I can change my mind

I haven’t written another post on Provence. I sat down to write it, not because I wanted to write it, because I told you I would. But my heart was not in my fingers, they hovered above the keyboard; seagulls over dry land. And then I remembered something I often forget: I can change my mind.

I can change my mind.

It’s strange how we’re wired to not see that option. How years of conditioning teaches us to plough on, keep our word, see things through, finish every bit of food on the plate. Of course, there’s a fear that creates, and arches over, that absolutism. The fear that if we gave our children the freedom to change their mind, we would turn them into fickle creatures, quitters and drifters. We would teach them how to give up too easily. They could grow up wasting their time looking for utopia and other silliness, instead of setting up the tent called Real Life, which of course stands on a few ‘essential’ pegs – a career, a spouse, a child (ideally two), a house of one’s own, and money in the bank.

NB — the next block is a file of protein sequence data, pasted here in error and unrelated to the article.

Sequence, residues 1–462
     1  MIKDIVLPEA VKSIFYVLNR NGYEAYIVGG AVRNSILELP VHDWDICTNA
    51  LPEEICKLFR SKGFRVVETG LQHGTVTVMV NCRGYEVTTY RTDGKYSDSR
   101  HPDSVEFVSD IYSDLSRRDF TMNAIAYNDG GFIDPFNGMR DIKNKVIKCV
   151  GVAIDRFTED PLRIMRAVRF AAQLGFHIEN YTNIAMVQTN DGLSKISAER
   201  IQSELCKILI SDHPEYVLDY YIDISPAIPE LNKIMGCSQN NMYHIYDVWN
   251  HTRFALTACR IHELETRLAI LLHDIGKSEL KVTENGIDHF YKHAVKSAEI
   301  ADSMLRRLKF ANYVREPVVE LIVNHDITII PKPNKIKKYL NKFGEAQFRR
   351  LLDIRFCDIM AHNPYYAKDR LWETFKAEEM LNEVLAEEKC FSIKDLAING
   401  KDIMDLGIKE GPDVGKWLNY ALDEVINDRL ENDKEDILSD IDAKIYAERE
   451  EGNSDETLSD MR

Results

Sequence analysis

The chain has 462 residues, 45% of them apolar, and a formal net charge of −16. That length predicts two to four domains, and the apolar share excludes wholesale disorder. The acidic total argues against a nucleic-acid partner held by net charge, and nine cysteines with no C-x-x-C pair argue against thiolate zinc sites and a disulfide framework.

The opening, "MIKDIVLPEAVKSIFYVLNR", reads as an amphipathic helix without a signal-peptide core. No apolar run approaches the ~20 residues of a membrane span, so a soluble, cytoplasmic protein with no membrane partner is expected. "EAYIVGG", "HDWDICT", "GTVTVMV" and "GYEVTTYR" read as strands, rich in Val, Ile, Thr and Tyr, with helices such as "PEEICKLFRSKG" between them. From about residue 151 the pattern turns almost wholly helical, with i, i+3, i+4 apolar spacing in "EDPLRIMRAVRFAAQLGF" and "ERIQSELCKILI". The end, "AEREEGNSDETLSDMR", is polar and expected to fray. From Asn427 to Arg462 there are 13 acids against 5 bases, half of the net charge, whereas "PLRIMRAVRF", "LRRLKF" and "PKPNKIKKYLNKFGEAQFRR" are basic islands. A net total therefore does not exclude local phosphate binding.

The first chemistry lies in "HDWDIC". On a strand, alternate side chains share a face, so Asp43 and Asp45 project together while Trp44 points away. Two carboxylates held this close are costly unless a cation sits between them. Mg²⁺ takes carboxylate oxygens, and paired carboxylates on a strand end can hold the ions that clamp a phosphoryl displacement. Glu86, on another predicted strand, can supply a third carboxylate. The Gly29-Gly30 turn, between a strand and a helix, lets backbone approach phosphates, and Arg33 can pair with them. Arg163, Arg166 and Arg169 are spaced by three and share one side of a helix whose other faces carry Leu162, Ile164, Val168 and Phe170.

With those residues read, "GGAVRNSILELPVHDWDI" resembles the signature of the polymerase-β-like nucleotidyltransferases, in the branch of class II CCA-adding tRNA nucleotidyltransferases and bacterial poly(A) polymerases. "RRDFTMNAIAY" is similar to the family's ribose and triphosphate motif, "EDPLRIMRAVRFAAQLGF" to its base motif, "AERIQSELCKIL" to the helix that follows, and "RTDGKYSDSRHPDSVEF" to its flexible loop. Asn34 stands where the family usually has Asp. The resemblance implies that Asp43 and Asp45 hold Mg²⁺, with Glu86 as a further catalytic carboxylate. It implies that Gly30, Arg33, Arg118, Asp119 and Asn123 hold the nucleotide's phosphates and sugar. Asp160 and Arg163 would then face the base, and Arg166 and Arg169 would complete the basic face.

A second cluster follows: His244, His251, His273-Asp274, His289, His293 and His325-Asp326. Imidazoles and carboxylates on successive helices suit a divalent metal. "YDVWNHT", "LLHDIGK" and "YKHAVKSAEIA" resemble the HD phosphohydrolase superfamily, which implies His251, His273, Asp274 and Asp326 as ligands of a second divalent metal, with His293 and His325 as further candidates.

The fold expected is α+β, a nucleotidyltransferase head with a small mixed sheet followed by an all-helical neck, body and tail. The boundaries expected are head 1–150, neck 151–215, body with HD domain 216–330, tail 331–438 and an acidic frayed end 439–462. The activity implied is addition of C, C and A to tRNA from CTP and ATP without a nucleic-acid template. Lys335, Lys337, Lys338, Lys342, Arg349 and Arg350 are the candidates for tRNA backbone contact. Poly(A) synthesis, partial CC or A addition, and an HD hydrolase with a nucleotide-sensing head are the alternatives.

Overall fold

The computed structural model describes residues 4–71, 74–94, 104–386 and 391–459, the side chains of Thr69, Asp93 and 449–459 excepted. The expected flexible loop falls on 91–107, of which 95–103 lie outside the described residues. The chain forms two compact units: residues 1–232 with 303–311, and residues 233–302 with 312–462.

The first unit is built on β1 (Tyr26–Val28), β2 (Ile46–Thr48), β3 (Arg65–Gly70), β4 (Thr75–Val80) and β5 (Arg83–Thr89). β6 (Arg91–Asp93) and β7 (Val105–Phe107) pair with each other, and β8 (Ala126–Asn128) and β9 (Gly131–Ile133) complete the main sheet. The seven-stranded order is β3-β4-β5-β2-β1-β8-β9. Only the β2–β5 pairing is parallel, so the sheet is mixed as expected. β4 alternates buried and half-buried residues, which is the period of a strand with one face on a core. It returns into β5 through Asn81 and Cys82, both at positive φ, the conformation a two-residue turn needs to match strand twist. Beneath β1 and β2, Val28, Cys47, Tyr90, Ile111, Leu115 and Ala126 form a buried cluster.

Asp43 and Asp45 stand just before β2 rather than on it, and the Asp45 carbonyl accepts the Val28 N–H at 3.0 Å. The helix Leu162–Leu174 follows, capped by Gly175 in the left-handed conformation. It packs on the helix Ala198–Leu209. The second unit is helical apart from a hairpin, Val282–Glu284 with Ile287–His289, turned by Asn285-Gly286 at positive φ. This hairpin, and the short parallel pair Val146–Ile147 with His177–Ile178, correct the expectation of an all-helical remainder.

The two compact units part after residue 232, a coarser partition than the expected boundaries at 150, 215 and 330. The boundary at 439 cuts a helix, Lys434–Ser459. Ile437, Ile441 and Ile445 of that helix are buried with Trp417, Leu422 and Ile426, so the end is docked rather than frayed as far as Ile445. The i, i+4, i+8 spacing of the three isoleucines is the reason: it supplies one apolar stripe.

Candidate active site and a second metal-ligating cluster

A departure from those essentials puts parents in a difficult position. Of having to present the anomalous lives of their adult children to the rest of the world. They fumble if one or more of the essential pegs are missing: if a daughter is successful but single, if a forty-five-year-old son lives in a rented apartment, if their children decide to travel the world on odd jobs instead of a steady one, if their healthy, fertile, married daughter decides not to have children. Or, god help them, if their child decides that they’re attracted to people of their own sex. The poor parents’ post-retirement plan is sorted – to spend their days explaining these inconsistencies to friends and neighbours the best they can. And that, is the fear. That these drifters could be products of a freedom, which gave them the license to change their mind.

Why then do I always tell Chotto-ma that her mind is hers to change?